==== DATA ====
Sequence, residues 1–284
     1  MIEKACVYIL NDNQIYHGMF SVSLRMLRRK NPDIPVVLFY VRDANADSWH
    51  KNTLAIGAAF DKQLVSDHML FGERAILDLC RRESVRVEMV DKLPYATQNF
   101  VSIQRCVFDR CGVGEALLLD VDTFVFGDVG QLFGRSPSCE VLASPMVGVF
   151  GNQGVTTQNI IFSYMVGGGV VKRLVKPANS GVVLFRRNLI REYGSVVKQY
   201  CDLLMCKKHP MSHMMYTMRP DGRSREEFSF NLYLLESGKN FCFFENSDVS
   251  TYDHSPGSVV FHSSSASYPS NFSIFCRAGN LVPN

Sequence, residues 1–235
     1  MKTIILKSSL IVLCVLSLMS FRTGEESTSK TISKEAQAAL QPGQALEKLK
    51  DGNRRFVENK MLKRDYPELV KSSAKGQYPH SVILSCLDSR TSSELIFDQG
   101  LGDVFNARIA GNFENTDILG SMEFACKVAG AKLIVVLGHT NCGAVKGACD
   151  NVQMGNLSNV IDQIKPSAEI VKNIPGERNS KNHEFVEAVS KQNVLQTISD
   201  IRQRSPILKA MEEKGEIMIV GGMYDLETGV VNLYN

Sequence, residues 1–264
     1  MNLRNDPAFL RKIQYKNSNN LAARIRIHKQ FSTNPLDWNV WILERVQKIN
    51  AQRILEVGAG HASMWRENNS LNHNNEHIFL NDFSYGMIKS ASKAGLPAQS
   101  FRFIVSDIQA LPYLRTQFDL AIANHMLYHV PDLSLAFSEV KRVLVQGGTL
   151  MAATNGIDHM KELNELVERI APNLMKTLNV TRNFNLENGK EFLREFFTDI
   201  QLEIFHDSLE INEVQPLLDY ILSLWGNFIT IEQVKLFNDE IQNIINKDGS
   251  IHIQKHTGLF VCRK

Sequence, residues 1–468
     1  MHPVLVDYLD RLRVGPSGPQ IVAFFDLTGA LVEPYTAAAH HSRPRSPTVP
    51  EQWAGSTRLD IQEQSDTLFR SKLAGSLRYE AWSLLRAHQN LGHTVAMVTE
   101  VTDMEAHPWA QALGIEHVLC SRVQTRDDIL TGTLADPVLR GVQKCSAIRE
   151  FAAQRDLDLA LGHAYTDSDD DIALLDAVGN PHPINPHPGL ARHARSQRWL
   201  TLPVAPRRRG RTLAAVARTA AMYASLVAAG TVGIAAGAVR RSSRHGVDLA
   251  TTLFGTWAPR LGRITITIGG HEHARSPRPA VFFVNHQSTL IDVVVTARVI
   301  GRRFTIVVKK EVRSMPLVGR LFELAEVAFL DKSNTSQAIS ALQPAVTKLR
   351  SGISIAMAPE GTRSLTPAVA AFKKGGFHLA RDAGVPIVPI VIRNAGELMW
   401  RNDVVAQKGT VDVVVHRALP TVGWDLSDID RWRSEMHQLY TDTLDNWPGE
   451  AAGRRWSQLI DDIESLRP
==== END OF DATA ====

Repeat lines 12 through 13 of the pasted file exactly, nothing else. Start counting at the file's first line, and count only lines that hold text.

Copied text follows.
   151  NVQMGNLSNV IDQIKPSAEI VKNIPGERNS KNHEFVEAVS KQNVLQTISD
   201  IRQRSPILKA MEEKGEIMIV GGMYDLETGV VNLYN